The recruitment of this core group went slowly in Operation Dixie. Some organizers blamed the weather for the slow development of in-plant committees,15 while others focused on police hostility,16 the opposition of ministers,17 the public pronouncements of elected officials,18 the harshness of company policies that intimidated workers,19 the graciousness of company policies that made workers grateful,20 or the Machiavellian nature of companies that were capable of both.21 As might be expected, recruitment in company towns was considered by organizers to be difficult, but the opposite was also pronounced to be true: workers who were more scattered were also hard to organize.22 Overall, the field staff of Operation Dixie had begun to encounter unexpected difficulty in enlisting the pivotal hard core of in-plant advocates. To encourage workers to come along, some organizers simply obtained signed cards without asking for the fees. In sum, the initial evidence from the field in the early summer of 1946 indicated that the World War II years had not quite broadened Southern attitudes toward unions as much as the planners of Operation Dixie had hoped. The South was going to be hard for the CIO to crack.
No one, whether in the field or in the leadership, said as much publicly. Bittner instructed his state directors to issue strict orders that the initiation fee must be collected. Indeed, fee collecting had been so inconsistent that it clouded subsequent decisions as to when NLRB elections should be petitioned for; the card count in otherwise promising plans was often large but unreliable because workers had not been forced to commit themselves by handing over the one dollar fee when they signed their union cards. As a result of election defeats in plants where a large number of workers had signed union cards, Bittner also issued instructions that no NLRB elections were to be petitioned for without his permission. “The first job to be done,” he said, “is to set up active, operating committees inside of the plant with special emphasis placed on Veterans committees.”23 In one sense, administrative fumblings in June may be seen—and certainly were seen at the time—merely as “bugs” that had to be worked out of the system. Unfortunately, it soon became clear that more was required here than a simple case of fine-tuning. As June turned into July, reports could no longer reasonably focus on the routine chores of field staffers establishing a base, renting an office, “getting the lay of the land,” or in the doubly hesitant phrase of one of them, “making preliminary initial contacts.” Dixie required numbers verified by accompanying initiation fees, and it became evident in July that the numbers were not there.24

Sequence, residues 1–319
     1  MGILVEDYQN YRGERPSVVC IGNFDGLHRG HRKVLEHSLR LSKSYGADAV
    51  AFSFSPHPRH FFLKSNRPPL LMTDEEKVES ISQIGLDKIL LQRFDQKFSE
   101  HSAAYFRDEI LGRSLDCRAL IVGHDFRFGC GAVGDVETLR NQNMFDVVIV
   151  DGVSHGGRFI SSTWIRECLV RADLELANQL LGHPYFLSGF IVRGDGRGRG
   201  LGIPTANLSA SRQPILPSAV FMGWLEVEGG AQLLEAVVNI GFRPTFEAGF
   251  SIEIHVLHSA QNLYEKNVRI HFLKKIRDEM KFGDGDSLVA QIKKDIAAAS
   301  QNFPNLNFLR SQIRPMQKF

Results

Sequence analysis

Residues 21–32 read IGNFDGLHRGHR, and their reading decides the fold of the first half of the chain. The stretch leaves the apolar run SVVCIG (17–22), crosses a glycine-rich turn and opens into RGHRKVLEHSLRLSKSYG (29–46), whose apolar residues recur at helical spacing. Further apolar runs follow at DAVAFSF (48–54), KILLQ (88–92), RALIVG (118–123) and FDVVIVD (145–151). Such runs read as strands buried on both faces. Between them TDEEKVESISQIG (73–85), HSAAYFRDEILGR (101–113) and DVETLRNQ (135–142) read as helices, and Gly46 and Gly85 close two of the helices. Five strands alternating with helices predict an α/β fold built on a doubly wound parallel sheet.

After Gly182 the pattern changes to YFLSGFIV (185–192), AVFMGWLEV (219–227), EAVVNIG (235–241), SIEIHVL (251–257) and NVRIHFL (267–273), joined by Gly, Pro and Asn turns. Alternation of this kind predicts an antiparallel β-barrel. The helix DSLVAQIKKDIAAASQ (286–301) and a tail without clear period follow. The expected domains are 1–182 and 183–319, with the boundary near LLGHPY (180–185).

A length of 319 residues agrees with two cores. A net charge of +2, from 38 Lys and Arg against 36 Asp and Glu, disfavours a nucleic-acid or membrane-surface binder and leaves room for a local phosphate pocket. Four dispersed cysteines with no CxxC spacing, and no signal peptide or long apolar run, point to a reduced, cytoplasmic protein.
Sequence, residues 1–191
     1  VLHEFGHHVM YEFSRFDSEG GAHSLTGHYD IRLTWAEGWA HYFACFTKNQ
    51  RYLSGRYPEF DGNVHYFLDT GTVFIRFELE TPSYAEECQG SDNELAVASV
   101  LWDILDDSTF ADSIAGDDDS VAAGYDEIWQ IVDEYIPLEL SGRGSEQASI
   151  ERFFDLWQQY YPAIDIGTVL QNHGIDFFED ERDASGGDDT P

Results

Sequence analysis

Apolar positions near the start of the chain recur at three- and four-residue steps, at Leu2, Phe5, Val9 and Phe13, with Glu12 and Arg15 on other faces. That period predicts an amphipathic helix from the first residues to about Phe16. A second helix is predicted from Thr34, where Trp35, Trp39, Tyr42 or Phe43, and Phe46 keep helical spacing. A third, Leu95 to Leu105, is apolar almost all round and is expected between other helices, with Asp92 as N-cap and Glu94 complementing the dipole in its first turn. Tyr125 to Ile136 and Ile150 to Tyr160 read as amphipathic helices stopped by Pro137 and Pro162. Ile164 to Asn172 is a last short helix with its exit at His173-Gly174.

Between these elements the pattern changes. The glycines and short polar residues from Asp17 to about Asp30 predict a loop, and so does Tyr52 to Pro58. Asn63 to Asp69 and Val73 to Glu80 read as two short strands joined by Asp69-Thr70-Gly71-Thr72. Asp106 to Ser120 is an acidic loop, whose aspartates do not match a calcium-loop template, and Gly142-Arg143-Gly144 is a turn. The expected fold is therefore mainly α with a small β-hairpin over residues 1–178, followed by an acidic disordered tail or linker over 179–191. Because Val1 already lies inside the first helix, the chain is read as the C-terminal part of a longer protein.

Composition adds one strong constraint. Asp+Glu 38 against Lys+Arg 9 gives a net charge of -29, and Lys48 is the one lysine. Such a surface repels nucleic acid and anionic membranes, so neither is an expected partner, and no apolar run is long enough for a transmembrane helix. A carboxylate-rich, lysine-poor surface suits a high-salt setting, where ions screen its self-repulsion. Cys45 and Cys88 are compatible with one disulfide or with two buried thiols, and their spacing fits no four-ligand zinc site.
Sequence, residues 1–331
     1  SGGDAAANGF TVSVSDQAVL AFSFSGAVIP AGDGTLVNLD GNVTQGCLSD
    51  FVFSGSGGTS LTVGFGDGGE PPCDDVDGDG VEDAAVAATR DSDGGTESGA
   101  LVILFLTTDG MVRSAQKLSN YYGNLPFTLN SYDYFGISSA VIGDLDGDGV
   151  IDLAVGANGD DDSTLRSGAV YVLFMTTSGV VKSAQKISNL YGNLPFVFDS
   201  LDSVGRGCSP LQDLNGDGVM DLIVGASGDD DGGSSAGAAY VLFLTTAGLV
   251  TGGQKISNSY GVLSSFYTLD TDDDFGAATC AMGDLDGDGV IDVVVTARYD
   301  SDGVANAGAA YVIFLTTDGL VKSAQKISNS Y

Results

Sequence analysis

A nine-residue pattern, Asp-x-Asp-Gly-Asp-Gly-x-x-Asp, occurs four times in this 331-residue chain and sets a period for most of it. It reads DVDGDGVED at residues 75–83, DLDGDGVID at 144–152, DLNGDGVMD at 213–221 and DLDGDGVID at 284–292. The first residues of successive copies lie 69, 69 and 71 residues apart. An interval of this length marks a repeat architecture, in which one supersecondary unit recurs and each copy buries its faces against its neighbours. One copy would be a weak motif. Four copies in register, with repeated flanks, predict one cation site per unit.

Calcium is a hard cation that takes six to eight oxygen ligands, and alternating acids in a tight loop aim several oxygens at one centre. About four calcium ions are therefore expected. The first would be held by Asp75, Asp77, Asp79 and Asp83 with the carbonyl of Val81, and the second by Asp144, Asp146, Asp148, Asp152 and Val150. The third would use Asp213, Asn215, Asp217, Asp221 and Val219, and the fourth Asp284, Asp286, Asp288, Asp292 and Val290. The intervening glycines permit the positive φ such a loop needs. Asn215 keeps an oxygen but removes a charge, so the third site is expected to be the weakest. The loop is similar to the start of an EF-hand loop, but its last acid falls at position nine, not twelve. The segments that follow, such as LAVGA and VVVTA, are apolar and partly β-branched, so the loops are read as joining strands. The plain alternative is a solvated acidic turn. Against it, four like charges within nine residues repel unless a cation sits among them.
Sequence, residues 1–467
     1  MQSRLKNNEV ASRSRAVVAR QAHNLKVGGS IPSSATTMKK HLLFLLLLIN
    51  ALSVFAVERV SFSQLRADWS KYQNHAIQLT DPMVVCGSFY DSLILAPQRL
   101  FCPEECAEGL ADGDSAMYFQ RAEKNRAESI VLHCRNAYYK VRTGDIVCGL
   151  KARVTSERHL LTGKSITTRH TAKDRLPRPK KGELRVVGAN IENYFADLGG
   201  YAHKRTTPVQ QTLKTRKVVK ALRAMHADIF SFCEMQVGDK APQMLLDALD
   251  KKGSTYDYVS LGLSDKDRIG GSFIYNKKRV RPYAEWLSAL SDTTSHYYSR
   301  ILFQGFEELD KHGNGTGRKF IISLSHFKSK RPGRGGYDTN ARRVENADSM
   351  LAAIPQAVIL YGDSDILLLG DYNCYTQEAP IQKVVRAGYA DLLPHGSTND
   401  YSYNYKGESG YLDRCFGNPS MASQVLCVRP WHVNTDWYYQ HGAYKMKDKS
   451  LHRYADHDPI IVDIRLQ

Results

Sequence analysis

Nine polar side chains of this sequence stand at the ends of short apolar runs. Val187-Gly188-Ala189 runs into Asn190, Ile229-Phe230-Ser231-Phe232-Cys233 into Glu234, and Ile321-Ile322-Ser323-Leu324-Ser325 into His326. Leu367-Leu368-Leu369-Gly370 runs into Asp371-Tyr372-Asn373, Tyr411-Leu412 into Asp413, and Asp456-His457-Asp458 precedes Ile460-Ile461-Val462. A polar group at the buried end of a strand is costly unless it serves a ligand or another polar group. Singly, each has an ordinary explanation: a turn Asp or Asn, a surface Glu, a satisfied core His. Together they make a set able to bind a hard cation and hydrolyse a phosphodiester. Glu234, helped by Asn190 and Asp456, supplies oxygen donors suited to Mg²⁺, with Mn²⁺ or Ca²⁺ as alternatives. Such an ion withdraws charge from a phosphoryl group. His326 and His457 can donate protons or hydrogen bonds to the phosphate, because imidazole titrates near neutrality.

Organizing, like any kind of selling, requires good morale. Bad news cannot merely exist; it must be explained away. Field reports across the South began to take on some of the elements of an art form. In their efforts to keep going, organizers unearthed a myriad of signs that they took as indications of progress, signs upon which they relied to such an extent that a special language, even a shorthand, grew up to describe them. “Committee No. 1 is functioning but had no new applications as of today,” reported a summary account from Kannapolis. Indeed, the details were more sobering than the summary: Committee No. 1 met “with hardly any attendance.” There was not much need, under the circumstances, to report the activities of Committee No. 2, as such a thing clearly did not exist.